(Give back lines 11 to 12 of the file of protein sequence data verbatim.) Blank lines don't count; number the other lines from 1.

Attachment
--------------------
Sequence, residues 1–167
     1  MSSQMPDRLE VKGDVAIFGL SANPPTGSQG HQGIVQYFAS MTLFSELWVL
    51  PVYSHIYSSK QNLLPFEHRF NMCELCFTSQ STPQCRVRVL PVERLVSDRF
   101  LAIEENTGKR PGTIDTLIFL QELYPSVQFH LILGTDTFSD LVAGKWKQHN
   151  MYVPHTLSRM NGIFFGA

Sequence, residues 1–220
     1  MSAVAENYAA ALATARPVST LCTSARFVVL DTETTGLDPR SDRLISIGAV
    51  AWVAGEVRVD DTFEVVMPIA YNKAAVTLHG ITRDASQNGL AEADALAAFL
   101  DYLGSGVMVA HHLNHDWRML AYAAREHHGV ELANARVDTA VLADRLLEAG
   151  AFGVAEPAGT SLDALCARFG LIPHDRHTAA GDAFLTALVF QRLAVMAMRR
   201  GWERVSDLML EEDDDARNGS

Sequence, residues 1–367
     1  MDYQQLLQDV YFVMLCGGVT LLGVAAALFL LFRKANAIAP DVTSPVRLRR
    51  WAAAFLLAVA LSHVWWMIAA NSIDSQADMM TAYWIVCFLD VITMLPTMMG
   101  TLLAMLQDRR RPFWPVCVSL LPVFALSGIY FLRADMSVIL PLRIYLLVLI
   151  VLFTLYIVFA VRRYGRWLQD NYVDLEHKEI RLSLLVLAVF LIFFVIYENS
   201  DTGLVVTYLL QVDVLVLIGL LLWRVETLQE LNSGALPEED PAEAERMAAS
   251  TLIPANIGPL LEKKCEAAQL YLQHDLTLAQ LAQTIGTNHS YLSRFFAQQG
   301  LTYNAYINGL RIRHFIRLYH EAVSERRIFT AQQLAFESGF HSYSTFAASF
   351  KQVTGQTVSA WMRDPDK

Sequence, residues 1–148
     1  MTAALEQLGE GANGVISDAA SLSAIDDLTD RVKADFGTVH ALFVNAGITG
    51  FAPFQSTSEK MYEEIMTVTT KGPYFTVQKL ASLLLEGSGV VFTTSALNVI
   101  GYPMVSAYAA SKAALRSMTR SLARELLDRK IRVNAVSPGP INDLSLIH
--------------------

   201  GWERVSDLML EEDDDARNGS

Sequence, residues 1–367